In my last POB column ("Surveyor vs. Surveyor," October 2005) I discussed the surveyor's role as professional witness in negligence cases against other professionals. This month I would like to look at a related issue: the professional liability risk attendant upon the licensed professional.

The proprietor is well aware of the risk of being in business, especially if he has a second mortgage on his home, business loans to finance the purchase of equipment and short-term loans to meet current expenses. The prudent businessperson assesses his or her business risks and sets profit goals accordingly; profit is the justification for taking business risks. (The proprietor who cannot make a profit from his business might as well give it up and work for someone else.) The proprietor carries a risk that comes with his professional license in addition to his business risks. As a professional he is expected to meet a certain standard of care in his work, and if he fails to meet that standard he may be held liable for any resulting damages.

The employed professional surveyor is free from the business risks carried by her employer but she carries the same risk burden for professional liability as the proprietor when she seals a plan for distribution or recording, when she sets a property corner marker or when she stakes a position for construction. The big question is: How does the employed professional assess her professional liability risk and how does she justify taking that risk? These are questions we are uncomfortable discussing; they raise too many other prickly issues. Like, how much should the employed professional be paid to assume a professional liability risk? Should the licensed employee carry her own professional liability insurance coverage (in addition to that carried by her employer)? On the other hand, maybe the proprietor should assume sole professional responsibility for all the work done by all his employees. But is there any point in the proprietor employing licensed professionals and paying them accordingly if he, the proprietor, must take all the responsibility for all the work done out of his office?

It's a funny thing about risk assessment: we go through life accepting all kinds of risk without even thinking about it. For instance, driving my car on a two-way street I am meeting and passing other cars only a few feet away with a closing speed of 70 to 90 miles per hour. Both of us are that close to mayhem or death. I run the risk several times as I drive downtown for a loaf of bread.

While driving my car I have at least some control over the situation but on a commercial flight my risk is defined by the skill of many other people including mechanics, pilots, air traffic controllers, radar operators, meteorologists and so on.

Thousands of Californians live astride the San Andreas Fault accepting the risk of the next-widely predicted-earthquake. People continue to build-and rebuild-their high-priced summer homes on barrier beaches on both coasts.

The storm that ravaged New Orleans came as little surprise to many experts who predicted such an event as inevitable. The popular intent is to reconstruct even the neighborhoods at lowest levels, counting on new and better levees for protection. But one engineer has pointed out that Hurricane Katrina was less than the highest-category storm, that the Mississippi River was at less than flood stage and that Katrina did not produce the maximum probable flood for the region. Bringing New Orleans back to anything close to its former glory will cost millions and is of questionable fiscal wisdom given the likelihood that it will all happen again.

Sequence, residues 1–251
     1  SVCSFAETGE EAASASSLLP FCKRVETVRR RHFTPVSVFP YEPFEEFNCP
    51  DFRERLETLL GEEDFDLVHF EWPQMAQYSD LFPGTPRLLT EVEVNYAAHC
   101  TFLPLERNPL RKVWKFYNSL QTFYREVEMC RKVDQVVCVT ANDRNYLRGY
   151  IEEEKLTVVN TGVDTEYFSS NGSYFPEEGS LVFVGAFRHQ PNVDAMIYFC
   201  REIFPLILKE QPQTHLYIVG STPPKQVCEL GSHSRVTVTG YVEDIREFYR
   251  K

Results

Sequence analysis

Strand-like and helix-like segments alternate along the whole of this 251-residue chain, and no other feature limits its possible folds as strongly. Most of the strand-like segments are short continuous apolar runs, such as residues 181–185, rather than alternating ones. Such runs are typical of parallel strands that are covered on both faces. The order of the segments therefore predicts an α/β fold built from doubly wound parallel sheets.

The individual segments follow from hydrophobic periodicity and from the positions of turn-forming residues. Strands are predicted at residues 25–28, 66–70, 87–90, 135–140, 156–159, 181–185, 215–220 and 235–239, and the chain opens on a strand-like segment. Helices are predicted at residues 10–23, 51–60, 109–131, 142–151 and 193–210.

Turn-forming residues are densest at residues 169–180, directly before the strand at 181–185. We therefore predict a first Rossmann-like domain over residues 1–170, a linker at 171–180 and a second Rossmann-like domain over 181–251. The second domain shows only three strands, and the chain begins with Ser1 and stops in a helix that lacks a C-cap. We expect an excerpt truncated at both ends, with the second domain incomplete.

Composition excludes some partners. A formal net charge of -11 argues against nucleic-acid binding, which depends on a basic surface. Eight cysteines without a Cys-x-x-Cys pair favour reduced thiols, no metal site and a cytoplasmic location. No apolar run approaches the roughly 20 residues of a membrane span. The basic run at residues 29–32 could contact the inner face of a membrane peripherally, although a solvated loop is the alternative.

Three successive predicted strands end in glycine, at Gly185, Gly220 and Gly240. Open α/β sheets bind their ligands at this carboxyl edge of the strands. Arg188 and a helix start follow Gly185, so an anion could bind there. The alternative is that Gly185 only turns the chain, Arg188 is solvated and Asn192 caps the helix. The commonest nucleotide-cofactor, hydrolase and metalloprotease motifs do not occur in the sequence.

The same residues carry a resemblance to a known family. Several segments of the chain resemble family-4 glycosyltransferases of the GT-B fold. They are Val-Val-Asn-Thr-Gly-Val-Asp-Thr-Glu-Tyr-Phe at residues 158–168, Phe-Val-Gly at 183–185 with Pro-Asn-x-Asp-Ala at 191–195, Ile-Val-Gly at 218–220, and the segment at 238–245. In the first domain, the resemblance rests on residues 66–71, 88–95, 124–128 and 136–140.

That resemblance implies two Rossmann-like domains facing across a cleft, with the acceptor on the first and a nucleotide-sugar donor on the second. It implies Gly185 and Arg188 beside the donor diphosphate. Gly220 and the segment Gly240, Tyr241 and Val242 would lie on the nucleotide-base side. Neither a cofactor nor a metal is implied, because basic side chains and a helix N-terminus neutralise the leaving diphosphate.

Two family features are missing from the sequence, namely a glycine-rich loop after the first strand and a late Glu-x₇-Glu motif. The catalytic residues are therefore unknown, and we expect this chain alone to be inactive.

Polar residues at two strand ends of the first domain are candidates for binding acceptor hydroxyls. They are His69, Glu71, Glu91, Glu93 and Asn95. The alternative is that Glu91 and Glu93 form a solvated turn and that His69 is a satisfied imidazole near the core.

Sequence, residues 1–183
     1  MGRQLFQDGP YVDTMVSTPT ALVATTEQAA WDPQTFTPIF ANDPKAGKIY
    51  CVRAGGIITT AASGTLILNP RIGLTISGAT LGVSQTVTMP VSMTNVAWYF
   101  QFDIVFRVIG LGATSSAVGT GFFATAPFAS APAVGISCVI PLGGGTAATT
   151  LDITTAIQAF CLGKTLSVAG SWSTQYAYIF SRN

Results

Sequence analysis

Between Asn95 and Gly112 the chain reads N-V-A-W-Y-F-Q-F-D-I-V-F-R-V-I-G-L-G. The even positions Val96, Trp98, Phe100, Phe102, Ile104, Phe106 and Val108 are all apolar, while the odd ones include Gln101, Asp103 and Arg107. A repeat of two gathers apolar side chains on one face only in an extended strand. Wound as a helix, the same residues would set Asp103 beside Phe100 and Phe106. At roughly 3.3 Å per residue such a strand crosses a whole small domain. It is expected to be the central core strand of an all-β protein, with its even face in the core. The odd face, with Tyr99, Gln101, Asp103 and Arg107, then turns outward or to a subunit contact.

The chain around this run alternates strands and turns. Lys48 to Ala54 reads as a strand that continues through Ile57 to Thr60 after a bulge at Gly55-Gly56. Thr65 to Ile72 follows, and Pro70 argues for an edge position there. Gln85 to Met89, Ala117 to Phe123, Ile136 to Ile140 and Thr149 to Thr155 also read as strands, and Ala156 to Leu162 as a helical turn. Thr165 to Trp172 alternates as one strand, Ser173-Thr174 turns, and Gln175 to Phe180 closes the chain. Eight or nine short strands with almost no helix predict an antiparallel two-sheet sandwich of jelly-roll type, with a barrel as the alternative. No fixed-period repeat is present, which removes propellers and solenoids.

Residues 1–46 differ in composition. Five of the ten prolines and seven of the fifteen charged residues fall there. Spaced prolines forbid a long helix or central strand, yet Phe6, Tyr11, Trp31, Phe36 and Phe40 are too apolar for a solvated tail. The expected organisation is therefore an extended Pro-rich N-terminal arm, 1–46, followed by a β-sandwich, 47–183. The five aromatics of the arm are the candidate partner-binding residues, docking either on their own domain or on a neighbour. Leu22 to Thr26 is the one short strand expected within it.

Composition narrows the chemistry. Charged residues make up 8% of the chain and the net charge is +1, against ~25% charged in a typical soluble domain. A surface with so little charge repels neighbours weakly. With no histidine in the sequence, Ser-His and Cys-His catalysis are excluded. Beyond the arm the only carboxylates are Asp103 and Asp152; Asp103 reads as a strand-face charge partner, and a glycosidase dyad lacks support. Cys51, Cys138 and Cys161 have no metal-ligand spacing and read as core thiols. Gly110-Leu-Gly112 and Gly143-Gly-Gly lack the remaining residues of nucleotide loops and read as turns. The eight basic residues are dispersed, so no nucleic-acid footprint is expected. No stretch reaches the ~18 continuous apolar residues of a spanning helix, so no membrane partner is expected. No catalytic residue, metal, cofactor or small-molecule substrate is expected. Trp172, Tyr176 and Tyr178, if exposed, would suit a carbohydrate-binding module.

How do we deal with these risks? We continue to drive every day though 30,000 Americans are killed on the highways annually. We pay hundreds of dollars to let strangers carry us seven miles straight up to where the normal life expectancy is measured in microseconds. We insist on our right to live on sand dunes and in earthquake-prone areas because we treasure the quality of life. We will rebuild New Orleans and its levees because people want to live there, because politicians insist upon it, and because of the good food and the great music we associate with the city.

In light of all this, the rational mind says we are not very good at risk assessment. When things go wrong we often find in hindsight that our risk assessment was faulty or nonexistent. In consideration we admit that we ought to practice better risk assessment. When our desire to live a certain way says it is worth the risk, then OK. But to take risks without even considering the possible consequences is not the course of the prudent person, and prudence is arguably as important as competence for the professional surveyor.

As an employed professional, you should assess your professional liability risk. What is it worth to you to live with this risk? (And by the way, as a licensed surveyor working for somebody else, recognize that your boss is providing you with employment at the risk of everything he owns, not only for his professional liability but for his entrepreneurship as well.) As for the proprietor, he should assess his risks and examine his fee schedule and profit margins; he must earn enough to justify the risk that comes with being in business. There is a risk/reward equation whether in the car, in the air, on the beach or at work.